Connecting Kids to Country

Connecting Kids to Country

Building a strong sense of Stewardship and true connection begins in Childhood.

Posted on 12.12.2018

In July of 2018 I had the pleasure of attending the bi-annual QORF*  Outdoors Queensland Symposium in Cairns. The theme of the Symposium for 2018 was Stewardship and I was drawn to attend not because of any affiliation with outdoor recreation businesses but due to my strong personal interest in connecting more children to the outdoors. What better way to be inspired than to hear those passionate about the outdoors speak about how to protect it and connect with it.

As a parent of two young children, I hope to encourage a strong connection and instil a thirst for adventure from a young age. Our own children’s natural hunger for being outdoors has inspired us as parents, and their innate curiosity and willingness to try new things and learn from their surroundings has us always seeking the next adventure together.

I value the many lessons to be learnt by really getting to know our region, its history, and its stories. By inspiring our children to learn about indigenous culture, it is just one small way we can help to preserve traditional knowledge and empower the younger generation to be involved in strengthening the likelihood of its continuation as a thriving culture.

Listening to local elder Gudju Gudju from the Yidingi people speak at the opening of the QORF event was just one of many wonderful moments throughout the day. The depth of his knowledge, connection and pride in his culture was evident. Right then and there I was hooked and my notepad already gathering scribbles and notes to follow up on. Not long after he spoke, Professor Marcia Langdon was introduced and I was held captivated for a further hour. Inspiration bubbled and my mind ticked over at a hundred miles an hour. I was left thinking of how I could better connect to country, and how by building a strong connection to country with my young ones, I could help to also inspire stewardship within them.

The whole day at the Cairns QORF symposium was fantastic and there was not a single speaker that I didn’t feel inspired by. I came away from the event feeling highly motivated. I walked out that day feeling a responsibility to bring more connection to our land and traditional culture not just to my own family but also to those families who attend a playgroup I facilitate. Our playgroup is small and informal. We gather fortnightly, inspired by the great work of Nature Play QLD. Our play dates are centred on getting families outdoors and letting the kids spread their wings and enjoy all that our environment here in North Queensland offers.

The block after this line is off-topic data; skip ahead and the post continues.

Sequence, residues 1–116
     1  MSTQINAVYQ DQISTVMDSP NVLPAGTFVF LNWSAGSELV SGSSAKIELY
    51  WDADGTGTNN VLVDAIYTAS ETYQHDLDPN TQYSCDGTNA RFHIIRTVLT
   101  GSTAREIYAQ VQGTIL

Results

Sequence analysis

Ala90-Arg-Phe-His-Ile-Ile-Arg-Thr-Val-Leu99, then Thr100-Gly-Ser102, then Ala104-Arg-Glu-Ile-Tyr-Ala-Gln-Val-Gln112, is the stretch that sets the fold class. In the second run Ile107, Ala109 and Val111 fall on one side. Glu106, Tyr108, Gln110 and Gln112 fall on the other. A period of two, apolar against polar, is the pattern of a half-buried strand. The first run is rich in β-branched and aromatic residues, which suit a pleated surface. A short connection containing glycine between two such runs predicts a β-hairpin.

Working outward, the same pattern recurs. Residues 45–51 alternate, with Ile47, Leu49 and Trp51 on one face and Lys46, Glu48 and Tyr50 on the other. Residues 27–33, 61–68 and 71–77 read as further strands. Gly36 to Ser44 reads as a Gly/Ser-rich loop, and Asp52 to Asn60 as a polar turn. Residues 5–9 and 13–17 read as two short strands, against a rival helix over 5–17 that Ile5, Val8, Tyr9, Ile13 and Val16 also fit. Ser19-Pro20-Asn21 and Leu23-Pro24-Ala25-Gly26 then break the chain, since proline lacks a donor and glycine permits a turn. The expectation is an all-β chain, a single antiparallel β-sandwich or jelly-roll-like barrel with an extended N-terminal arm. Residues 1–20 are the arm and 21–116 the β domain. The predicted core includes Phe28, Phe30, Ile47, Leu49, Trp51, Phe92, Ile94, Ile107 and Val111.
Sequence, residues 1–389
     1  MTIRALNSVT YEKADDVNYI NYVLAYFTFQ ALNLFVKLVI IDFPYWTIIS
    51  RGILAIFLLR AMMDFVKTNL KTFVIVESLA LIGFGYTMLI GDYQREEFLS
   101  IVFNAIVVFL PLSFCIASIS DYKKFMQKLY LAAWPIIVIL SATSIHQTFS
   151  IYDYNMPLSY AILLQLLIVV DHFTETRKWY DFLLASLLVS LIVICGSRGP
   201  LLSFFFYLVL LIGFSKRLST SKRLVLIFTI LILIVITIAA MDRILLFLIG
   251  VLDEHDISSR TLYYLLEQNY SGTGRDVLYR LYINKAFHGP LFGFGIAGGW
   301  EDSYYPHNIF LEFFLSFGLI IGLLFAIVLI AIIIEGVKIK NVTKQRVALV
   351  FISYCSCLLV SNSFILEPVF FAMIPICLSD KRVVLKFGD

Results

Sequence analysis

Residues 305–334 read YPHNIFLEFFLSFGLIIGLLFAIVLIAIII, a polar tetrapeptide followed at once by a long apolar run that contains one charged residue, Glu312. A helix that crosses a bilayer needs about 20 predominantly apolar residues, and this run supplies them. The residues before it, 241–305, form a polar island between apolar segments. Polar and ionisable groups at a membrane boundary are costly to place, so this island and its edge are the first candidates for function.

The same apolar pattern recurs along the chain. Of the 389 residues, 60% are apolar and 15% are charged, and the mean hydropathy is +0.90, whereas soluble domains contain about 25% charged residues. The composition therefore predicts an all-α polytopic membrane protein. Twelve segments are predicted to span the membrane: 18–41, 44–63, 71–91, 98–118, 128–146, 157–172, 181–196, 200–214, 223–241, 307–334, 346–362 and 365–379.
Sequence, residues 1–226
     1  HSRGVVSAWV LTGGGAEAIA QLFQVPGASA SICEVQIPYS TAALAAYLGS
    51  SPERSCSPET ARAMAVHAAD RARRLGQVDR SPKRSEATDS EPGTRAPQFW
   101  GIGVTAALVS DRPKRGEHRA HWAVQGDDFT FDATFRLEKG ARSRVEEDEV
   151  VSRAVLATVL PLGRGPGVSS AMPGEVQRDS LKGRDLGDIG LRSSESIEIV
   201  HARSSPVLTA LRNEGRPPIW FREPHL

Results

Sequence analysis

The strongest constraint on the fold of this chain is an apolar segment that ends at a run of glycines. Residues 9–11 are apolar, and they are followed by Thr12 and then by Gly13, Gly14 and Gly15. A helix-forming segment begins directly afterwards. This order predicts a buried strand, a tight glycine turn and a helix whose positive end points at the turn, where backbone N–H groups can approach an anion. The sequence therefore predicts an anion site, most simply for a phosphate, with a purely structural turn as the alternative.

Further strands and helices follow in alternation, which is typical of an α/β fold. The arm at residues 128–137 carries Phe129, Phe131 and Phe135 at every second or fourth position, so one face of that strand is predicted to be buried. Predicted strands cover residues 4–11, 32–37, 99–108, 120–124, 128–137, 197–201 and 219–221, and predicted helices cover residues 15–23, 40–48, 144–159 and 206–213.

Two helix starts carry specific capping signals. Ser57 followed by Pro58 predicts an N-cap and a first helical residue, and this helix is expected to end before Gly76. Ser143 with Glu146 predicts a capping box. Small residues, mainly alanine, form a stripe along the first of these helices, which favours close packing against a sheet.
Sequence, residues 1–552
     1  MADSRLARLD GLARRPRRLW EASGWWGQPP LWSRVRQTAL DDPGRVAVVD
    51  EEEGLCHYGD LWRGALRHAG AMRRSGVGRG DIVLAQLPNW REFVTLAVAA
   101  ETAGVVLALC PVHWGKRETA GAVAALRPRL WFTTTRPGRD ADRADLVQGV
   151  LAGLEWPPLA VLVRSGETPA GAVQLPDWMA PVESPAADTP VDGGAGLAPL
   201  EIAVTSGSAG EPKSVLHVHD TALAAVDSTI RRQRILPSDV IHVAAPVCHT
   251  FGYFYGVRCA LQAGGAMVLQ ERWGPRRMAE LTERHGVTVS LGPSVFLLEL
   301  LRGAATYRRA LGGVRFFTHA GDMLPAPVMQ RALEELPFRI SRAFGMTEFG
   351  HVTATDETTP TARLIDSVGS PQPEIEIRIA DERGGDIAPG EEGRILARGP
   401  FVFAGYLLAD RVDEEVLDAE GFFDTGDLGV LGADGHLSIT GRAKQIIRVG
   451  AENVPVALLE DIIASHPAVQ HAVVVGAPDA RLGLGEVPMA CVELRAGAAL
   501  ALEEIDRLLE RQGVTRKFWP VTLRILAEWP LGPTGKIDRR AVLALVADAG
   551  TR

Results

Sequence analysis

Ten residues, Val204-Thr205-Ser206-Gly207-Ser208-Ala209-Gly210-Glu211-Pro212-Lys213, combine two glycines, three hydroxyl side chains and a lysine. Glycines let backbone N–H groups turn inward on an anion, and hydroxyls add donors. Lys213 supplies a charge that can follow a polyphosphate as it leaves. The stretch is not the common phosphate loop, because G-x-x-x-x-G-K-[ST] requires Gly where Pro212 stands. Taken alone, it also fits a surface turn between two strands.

We go bush walking, we visit the beach, we do nature craft and we occasionally visit local producers to learn about where food comes from or engage with animals. Every fortnight we meet outdoors somewhere around the region. Mostly we gather and explore new places, we chat and we step back and let our kids be kids – they climb trees, play with sticks and burn off energy surrounded by other children and nature. This whole playgroup idea came about from my own feelings and desire to guide my children towards being responsible and passionate about the outdoors. We volunteer for Landcare and do beach debris cleans with several organisations, but how could I grow a deeper attachment? I could already vouch for the physical and emotional benefits found by spending time outdoors and I wanted to build on that experience further.

Having grown up in North Queensland, I must be honest my understanding and exposure to the local indigenous culture and heritage and of the many wonderful lessons and stories that this land holds has been limited. Our family rarely travelled beyond the small coastal fishing villages of the far north east coast, or small regional towns. Although there is a wealth of culture right here on our doorstep and it was right there under my nose every school holiday and weekend, I never seemed to have given it much thought. My own ignorance nowadays makes me quite embarrassed, but even more so it makes me very keen to learn as much as I can so that my own children can learn, respect and be inspired by the wonderful enriching culture right here in our own backyard.

Locally, there are many great and experienced guides, artists, professionals, academics who share a love of their culture and who enjoy sharing and teaching others about the depth and beauty within their culture and heritage. This region is alive with history and many locations hold significance to local traditional owner groups.

When I attended the symposium I heard Dr Madoc Sheehan speak of an area just outside of Townsville. He spoke of its natural beauty and I wondered if an area of such beauty also held spiritual or cultural significance to traditional owners. As it turns out there is a very special ‘Mindi’, a corroboree ground just a short drive away. The very same place is also a burial space and dancing space as well as ceremonial and spiritual space. It is on Warungnu land, up high on Hervey Range.